Oz the Great and Powerful may not be a phenomenal film, but that doesn’t mean it’s not worth seeing. If you’re a fan of the original Wizard of Oz (and really, who isn’t?) then it’s worth seeing. It has currently raked in $97.6 million at the domestic box office, and is has barely eked out a Fresh rating on Rotten Tomatoes with a 62%. The film deserves a bit of a higher rating in my book, but 62% is usually worth seeing. Oz is also director Sam Raimi’s return to big budget Hollywood films after the disgrace that was Spider-Man 3 (2007) and the fan service of Drag Me to Hell (2009).
The carnival sideshow atmosphere of the film fits perfectly with Raimi’s whacky style. He manages to work in a few of his signature techniques, such as the sudden close up and camera tilt, but overall his touch seems light throughout the film. Raimi is known for his use of prosthetics and doing everything for real rather than opting for CGI. Oz, however, walks that fine line of overusing CGI and green screen. It oddly works in the farcical land of Oz though.
That being said, I wish I had seen the movie in 3D rather than 2D. The sequence when Oz first arrives in…Oz is magical. The frame widens out to the modern aspect ratio rather than the old-timey small frame used for the introduction, and the film shifts into brilliant color. This part finds Oz floating down a river in the basket of his hot air balloon as dripping water plays music in the plants around him. Danny Elfman composed the score, which heavily relies on the carnival vibe provided by the organ. It’s actually rather haunting.
Oz features a rather stellar cast. James Franco stars as Oz opposite three amazing actresses in Mila Kunis (Theodora), Rachel Weisz (Evanora), and Michelle Williams (Glinda). Surprisingly, Franco is the weakest in the cast which is unfortunate since he gets the most screen time. His toothy stoner grin is no longer refreshing, and no longer shows the promise of a young actor. Zach Braff rounds out the cast as Franco’s assistant and “trained monkey”. The real scene stealer is Joey King, who voices the China Doll. Her delicate performance as a girl made of porcelain is heart-wrenching.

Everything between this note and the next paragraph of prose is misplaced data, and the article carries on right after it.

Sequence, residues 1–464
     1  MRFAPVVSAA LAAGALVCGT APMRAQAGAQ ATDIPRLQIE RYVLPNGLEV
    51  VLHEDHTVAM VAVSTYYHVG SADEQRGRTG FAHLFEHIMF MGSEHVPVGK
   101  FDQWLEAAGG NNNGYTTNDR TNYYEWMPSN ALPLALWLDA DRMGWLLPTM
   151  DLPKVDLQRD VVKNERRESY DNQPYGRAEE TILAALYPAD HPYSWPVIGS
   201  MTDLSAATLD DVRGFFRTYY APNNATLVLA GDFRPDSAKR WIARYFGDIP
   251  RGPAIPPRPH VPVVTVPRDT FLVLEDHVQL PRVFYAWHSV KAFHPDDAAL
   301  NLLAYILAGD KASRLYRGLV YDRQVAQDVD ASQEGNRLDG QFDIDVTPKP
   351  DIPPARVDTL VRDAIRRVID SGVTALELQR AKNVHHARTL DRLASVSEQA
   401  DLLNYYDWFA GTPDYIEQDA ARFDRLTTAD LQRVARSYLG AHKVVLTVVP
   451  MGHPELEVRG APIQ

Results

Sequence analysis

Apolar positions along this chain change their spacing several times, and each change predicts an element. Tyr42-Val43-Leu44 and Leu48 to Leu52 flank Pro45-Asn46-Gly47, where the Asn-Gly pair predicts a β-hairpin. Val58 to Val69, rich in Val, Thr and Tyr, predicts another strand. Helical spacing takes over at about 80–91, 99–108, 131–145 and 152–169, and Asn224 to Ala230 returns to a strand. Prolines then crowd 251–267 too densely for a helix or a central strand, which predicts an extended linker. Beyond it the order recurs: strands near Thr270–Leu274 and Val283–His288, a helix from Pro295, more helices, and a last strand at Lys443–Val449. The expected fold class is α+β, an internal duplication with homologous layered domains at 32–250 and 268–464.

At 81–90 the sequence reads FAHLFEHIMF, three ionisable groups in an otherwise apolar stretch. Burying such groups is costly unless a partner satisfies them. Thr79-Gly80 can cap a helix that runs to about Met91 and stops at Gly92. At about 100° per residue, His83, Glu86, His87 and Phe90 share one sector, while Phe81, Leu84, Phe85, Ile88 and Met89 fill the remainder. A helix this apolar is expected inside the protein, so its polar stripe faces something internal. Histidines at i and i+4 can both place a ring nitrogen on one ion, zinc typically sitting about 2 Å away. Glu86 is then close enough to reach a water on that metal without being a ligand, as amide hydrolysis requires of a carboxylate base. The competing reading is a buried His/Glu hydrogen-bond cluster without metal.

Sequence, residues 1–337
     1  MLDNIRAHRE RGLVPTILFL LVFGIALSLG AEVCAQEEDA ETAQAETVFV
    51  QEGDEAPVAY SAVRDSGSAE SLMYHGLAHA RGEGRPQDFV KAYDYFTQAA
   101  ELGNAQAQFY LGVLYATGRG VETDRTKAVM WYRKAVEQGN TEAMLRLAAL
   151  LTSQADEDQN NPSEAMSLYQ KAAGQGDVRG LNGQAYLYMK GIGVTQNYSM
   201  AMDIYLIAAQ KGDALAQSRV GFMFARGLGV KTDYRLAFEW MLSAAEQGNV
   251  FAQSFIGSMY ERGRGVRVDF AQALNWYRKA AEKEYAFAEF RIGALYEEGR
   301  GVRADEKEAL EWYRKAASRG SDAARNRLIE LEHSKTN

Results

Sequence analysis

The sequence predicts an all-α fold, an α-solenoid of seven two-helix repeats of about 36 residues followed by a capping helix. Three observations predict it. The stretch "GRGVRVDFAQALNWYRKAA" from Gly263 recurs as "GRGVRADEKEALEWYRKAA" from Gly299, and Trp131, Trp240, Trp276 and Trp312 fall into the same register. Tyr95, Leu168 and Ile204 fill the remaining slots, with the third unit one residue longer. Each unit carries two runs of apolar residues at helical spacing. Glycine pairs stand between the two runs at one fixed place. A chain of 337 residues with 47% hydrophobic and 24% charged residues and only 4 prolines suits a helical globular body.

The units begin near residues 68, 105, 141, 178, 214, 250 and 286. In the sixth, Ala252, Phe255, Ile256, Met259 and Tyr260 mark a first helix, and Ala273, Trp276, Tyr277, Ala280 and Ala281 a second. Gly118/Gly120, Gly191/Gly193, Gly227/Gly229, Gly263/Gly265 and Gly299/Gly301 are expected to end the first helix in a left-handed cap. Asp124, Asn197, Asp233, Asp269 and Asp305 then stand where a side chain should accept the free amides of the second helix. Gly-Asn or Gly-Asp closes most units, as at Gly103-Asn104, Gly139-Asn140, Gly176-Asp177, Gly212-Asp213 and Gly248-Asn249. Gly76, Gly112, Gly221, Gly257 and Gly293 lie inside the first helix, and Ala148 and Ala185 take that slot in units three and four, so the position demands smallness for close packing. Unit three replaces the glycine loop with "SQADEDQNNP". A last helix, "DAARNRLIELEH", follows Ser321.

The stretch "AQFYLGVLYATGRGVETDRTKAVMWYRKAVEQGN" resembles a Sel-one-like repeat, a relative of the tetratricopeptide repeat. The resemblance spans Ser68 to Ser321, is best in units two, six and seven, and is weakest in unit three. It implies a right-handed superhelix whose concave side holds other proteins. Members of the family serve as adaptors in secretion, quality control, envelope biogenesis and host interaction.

So overall, I would recommend seeing Oz the Great and Powerful. It’s a fun trip down nostalgia road to revisit the land of Oz again. There are plenty of references to the original throughout as well. Be on the lookout for a lion that’s particularly easy to scare near the outset of Oz’s adventure in Oz. And of course, there’s a cameo from Bruce Campbell and his chin. I doubt you’ll be able to miss him even though he’s under a decent amount of prosthetics. I’ll only say that he comes just before the climax of the film.
In case you haven’t figured out, I’m a firm believer that Sam Raimi can do no wrong, Spider-Man 3 notwithstanding. And this film only made me more excited for the remake of The Evil Dead, the original being Raimi’s first film, opening on April 5th. Raimi was only involved as a Producer on the remake, but it still looks amazing. According to longtime Raimi producer Rob Tapert in an interview with IFC at SXSW Festival, “Evil Dead 4/Army of Darkness 2” is currently in pre-production. Here’s hoping we don’t become deadites before we get to see something new from the Evil Dead franchise.